What's sad is that it's based on an actual form of amnesia, in which the afflicted victim is unable to remember information for very long ie minutes. The only discrepancy is that the brother would only forget everything at the end of the day.
Tommy Saxondale in Steve Coogan's Saxondale has a bit of this going on; an ex-roadie from The Seventies convinced he's still bucking the system, he's a bit stuck in the past and not quite the rebellious spirit he thinks he is.
Neil of The Young Ones dressed and behaved like a hippie well into the 1980s, and once stubbornly declared that "Flares are coming back in! I read it in my horoscope!"
Buffy: "Only someone who's been under the ground for decades would think that's the look".
The Price Is Right looked and sounded almost exactly the same at the end of Bob Barker's tenure in 2007 as it had in 1972. Same sets, same music, same graphic fonts for the credits.
In the Community episode "Modern Warfare", Jeff encounters an afro-ed, rollerblading Disco Dan trying to bring disco back, and mocks him. Later in the episode, when it turns into a Paintball Apocalypse, the guy has apparently succeeded in bringing disco back, and now leads an army of rollerblading, disco-dancing paintballers.
Judge Harry Stone on Night Court wears a fedora, is a huge fan of crooner Mel Torme, and loves movies and fashions from the 1940s.
Kath from Kath and Kim still perms her hair and dresses as though it's still the '80s. She doesn't even seem to realize that times, and fashions, have changed. Lampshaded in 'Da Kath and Kim Code' where Kath arrives at an 80s themed party dressed in her everyday clothes...
Kim: Oh, Mum! What a great costume!
Sharon: Oh wow, Mrs D. You look hilarious. You're gonna win for sure. Where'd you get that?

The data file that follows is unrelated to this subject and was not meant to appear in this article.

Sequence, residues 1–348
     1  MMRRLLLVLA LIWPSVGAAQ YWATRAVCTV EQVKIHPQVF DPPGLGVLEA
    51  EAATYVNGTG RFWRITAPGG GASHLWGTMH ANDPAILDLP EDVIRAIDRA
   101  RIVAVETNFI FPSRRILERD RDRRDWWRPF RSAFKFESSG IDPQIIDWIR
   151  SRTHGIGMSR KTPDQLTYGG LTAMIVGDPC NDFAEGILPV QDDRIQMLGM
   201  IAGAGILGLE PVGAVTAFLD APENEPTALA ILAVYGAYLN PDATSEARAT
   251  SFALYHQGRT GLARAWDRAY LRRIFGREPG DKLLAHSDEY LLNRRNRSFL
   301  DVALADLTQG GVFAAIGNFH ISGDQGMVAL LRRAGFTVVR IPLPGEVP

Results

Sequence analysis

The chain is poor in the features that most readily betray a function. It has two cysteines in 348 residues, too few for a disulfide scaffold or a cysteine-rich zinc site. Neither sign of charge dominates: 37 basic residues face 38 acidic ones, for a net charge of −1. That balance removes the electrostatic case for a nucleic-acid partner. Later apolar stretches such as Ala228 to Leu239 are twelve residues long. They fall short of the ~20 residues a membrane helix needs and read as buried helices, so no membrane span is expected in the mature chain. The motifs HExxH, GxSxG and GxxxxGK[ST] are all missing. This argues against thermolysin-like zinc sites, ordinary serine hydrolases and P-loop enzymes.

Kath:[Wearing an over-the-top 80's style pink outfit] Oh, from my wardrobe, Sharon. Costume?
Kim: Yeah, it's an 80's party.
Kath: Oh, no! Nobody told me! I would have put something funny on!
Dan Stark in The Good Guys lives and breathes this trope. To him, the whole world still works like it did in Eighties cop action shows. At times, he seems to make the world around him work this way by sheer force of will.
Catalina's uncle in My Name Is Earl is obsessed with American culture, or at least what he saw of it before his satellite broke... in the late 1980s.
There are many popular musicians out there who will do a "throwback" number every once in a while, but then there are also some musicians who make that their entire gimmick. Exhibit "A" would probably have to be Southern California's Big Bad Voodoo Daddy, who not only refused to acknowledge that swing music went out of fashion in the late 1950s, but actually succeeded in hauling it back into the mainstream media for a short while.
While there are people who dislike music (or certain genre of music) made after a certain year, there are others who perform in styles that have since long fallen out of favor except by their hardcore fans, not as a gimmick but as a core part of their style because they are uncomfortable with newer styles or dislike the newer, updated sounds. One example was, toward the end of his career (and, as it turned out, life) was country singer Faron Young. "The Singing Sherriff" (as he was known to his fans), Young — a hardcore honky-tonk singer who occasionally added elements of pop music into his material — enjoyed the peak of his popularity from the mid-1950s through mid-1970s, after which radio began turning toward younger acts. Young, as the story goes, did not take kindly to the changes in the music he loved, and his sound (rooted mostly in the 1960s) was beginning to sound dated with his new material recorded in the 1980s. Young grew increasing bitter and held closer to his sound by the early 1990s, when a bright young country star named Garth Brooks set new records for sales and concert attendance ... and not always with sounds that were even remotely considered country, and certainly what Young perceived to be the true sound of country; Young was outspoken about his criticisms about Brooks and others, but few were listening or even interested in his opinions by now. In December 1996, with health problems and his increasingly bitter attitudes toward country music and life in general setting in, he took his life.